Endangered animal is killing itself for sex, study suggests

The northern quoll, an endangered marsupial species native to Australia, is literally dying for sex, new research suggests.

The northern quoll, an endangered marsupial species native to Australia, is literally dying for sex, new research suggests.

Photo from the Australian Dept. of Agriculture

Swedish artist Tove Lo sings “No One Dies From Love.” Well, this little sex-obsessed, sleep-deprived animal might.

The male northern quoll, an endangered marsupial native to the Australian coasts, appears to literally die from its sexual habits. The obscure creature forgoes sleep in search of mates, leading to exhaustion and death, according to a new study published Feb. 1 in the journal Royal Society Open Science.

The findings likely explain the peculiar phenomenon where males die after one season of breeding, while females survive for up to four seasons, researchers affiliated with the University of the Sunshine Coast and the University of Queensland wrote in the study.

In 2019, researchers captured a group of northern quolls and fastened accelerometers, which looked like small backpacks, to each creature. Microchips and ear tags were also used for identification.

The small animals were then released into an enclosure and recorded on video so that a machine learning algorithm could review, learn and predict their behavior, researchers said. Nearly a dozen distinct behaviors were identified, including climbing, resting, walking, jumping, scurrying and standing vigilant.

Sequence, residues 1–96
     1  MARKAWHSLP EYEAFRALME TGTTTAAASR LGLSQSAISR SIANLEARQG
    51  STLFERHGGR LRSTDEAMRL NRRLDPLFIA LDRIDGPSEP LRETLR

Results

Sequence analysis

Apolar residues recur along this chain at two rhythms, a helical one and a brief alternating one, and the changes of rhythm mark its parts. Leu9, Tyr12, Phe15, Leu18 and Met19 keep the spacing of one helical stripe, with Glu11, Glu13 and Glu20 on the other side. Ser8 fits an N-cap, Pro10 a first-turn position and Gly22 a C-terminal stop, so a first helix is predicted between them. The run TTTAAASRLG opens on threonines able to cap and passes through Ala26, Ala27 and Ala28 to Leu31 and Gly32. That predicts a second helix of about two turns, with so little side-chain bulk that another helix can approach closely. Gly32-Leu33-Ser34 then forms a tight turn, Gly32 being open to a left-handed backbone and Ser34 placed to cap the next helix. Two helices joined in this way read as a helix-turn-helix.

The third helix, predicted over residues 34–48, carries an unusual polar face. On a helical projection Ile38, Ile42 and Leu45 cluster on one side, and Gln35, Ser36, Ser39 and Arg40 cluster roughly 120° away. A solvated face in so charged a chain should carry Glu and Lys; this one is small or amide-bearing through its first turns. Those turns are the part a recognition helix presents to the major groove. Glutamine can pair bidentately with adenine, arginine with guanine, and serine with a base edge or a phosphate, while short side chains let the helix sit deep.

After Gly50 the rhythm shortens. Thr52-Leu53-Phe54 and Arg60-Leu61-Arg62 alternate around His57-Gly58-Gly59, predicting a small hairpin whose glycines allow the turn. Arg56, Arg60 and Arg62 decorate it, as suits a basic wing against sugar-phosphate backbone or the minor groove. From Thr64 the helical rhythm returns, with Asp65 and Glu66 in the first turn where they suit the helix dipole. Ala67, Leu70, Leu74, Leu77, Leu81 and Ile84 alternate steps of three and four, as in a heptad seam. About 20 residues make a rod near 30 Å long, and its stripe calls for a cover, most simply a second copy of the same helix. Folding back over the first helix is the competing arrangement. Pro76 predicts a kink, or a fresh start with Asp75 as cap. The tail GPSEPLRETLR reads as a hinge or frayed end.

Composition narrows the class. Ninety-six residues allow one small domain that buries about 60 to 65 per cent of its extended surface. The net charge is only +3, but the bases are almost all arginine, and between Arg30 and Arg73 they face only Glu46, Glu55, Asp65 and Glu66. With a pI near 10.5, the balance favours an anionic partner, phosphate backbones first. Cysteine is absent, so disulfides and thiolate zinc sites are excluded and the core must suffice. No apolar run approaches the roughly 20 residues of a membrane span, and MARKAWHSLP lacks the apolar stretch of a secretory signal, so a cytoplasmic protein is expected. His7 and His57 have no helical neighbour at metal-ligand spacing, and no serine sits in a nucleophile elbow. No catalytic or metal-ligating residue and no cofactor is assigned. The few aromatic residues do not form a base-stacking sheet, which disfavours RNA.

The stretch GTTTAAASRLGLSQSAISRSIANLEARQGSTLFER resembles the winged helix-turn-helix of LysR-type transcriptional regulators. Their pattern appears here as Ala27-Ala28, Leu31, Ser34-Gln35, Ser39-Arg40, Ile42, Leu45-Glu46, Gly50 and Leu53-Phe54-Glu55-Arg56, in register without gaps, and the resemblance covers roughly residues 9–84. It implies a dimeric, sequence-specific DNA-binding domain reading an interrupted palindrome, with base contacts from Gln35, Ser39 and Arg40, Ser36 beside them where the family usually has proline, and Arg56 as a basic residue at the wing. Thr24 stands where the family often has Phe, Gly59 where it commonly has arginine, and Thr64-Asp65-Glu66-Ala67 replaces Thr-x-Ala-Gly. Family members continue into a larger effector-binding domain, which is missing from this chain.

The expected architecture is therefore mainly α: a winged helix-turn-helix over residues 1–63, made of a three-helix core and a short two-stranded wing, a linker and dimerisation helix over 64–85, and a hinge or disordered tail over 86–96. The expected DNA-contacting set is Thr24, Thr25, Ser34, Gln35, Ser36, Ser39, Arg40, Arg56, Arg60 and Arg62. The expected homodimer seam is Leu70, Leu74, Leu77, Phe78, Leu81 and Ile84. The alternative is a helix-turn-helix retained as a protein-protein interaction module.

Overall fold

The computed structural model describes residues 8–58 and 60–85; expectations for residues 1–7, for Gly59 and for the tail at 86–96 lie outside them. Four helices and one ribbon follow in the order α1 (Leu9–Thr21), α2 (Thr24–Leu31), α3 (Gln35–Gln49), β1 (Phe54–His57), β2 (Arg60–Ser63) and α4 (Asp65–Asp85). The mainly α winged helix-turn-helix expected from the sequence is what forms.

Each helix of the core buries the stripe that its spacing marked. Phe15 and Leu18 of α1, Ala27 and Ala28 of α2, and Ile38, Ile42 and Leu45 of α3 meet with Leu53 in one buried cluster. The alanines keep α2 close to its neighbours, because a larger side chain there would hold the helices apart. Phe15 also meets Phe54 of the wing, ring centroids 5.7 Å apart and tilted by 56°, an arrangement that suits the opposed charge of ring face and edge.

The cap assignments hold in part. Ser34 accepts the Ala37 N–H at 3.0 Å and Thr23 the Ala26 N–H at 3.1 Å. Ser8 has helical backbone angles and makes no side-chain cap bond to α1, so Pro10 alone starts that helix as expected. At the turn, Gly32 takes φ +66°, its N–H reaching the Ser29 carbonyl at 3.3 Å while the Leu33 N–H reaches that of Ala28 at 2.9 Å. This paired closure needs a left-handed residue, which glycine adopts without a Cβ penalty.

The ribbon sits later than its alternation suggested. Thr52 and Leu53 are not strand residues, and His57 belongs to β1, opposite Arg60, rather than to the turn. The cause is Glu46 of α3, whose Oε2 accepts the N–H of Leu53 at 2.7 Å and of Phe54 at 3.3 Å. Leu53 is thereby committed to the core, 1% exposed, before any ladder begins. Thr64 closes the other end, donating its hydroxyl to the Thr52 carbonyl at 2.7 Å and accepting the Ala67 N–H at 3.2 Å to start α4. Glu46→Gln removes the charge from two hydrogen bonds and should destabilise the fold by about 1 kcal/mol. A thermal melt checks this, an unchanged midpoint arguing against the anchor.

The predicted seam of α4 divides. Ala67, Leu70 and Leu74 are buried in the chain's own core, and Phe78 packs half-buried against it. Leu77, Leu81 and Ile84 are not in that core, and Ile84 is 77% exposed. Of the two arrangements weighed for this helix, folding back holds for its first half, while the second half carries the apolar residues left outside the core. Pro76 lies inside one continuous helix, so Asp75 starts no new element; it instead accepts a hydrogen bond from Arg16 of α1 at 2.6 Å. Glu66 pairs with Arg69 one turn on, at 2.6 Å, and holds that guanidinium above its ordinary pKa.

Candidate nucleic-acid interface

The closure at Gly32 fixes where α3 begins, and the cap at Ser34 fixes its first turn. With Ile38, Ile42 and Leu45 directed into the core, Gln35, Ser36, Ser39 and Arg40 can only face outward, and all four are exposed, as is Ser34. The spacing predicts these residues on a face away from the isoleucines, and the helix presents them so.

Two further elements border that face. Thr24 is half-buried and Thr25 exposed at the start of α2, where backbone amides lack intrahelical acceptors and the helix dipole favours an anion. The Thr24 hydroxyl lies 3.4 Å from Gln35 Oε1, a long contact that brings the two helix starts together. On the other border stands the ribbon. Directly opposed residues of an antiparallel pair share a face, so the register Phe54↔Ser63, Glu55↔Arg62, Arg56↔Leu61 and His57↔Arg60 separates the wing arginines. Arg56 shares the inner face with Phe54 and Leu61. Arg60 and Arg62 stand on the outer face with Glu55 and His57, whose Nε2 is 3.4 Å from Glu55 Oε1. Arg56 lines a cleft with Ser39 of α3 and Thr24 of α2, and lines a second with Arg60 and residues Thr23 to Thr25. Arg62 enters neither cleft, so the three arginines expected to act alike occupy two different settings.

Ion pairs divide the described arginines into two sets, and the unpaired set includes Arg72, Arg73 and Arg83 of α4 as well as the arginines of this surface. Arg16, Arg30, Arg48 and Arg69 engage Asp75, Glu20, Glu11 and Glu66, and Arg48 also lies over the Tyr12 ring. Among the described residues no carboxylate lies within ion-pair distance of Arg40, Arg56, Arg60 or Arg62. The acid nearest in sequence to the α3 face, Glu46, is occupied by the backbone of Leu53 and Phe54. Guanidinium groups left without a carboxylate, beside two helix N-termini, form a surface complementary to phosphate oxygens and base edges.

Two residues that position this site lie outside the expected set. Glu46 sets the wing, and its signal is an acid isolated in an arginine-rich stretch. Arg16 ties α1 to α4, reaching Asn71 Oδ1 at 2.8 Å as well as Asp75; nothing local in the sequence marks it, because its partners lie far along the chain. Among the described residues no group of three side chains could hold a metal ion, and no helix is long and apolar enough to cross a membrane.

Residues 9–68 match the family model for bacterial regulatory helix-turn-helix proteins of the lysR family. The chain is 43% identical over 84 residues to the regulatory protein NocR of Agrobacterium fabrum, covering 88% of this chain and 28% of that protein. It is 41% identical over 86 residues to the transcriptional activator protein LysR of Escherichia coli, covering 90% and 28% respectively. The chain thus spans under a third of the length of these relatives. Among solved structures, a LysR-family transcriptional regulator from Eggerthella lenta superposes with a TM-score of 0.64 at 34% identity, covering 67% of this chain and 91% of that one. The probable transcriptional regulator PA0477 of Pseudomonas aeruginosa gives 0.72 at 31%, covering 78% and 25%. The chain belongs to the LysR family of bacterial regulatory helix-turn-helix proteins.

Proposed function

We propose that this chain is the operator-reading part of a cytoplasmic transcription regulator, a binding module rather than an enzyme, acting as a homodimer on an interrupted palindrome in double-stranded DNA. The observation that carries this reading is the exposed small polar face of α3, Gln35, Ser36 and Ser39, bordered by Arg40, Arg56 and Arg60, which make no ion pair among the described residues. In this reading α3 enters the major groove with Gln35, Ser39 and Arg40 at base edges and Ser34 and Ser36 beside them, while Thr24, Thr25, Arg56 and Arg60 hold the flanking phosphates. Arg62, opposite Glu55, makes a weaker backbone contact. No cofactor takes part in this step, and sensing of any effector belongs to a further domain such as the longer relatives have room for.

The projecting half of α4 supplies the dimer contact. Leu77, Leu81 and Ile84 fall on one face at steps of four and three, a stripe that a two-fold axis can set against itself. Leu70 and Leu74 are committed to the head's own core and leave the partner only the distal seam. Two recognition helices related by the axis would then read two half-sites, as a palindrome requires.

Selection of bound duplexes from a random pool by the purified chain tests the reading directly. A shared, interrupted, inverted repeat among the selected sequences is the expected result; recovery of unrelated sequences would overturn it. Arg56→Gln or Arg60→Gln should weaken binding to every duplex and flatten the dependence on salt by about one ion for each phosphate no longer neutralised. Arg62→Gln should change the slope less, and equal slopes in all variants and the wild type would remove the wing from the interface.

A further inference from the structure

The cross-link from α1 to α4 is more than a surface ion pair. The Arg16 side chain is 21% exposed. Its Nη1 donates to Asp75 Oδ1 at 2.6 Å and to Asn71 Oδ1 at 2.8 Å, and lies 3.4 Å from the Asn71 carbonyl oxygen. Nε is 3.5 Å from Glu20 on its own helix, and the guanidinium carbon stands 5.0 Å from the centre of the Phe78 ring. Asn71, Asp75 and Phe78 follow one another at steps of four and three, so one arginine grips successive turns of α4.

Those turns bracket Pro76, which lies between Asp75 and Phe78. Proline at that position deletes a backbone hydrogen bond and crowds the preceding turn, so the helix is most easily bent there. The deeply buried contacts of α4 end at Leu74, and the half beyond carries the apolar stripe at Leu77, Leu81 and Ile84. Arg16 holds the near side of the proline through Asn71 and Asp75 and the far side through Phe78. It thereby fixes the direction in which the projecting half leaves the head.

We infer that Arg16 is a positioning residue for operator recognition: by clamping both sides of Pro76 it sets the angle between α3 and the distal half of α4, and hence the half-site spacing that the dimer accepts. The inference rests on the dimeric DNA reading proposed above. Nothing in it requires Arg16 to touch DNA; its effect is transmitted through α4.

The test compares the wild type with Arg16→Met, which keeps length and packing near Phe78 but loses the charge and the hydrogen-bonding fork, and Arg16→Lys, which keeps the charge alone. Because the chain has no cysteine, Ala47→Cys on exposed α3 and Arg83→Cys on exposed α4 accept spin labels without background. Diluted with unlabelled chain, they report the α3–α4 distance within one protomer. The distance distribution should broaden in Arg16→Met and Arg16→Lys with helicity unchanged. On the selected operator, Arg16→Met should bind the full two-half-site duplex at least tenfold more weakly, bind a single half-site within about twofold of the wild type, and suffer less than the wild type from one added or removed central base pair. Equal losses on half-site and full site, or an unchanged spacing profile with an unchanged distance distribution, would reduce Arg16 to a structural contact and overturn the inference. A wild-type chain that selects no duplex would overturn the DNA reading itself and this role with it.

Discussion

Afterwards, the animals were released at their place of capture and approximately 850 hours of “wild roaming” behavior was recorded by the accelerometers.

The newly trained machine learning algorithm then analyzed the collected data and predicted the quolls’ behavior, which revealed significant differences between genders, researchers found.

Males were more active overall, spending more time performing high-energy behaviors such as walking, while females spent more time undertaking low-energy activities such as lying and resting, researchers said.

For example, males, on average, spent 13.1% of their time walking, while females spent 8.9% doing the same.

Researchers hypothesized that the discrepancy exists because males were prone to travel large distances to find areas with a “high density of females.”

One male, known as Moimoi, walked 6.5 miles in one day, a sizable distance for the tiny quoll, to find a mate.

Researchers inferred that based on their high levels of activity, the males were likely sleep deprived, meaning they could “become easy prey, unable to avoid collisions, or die from exhaustion.”

There are only about 100,000 northern quolls left in Australia and their population is facing “rapid ongoing decline,” according to Terrain, a conservation non-profit.

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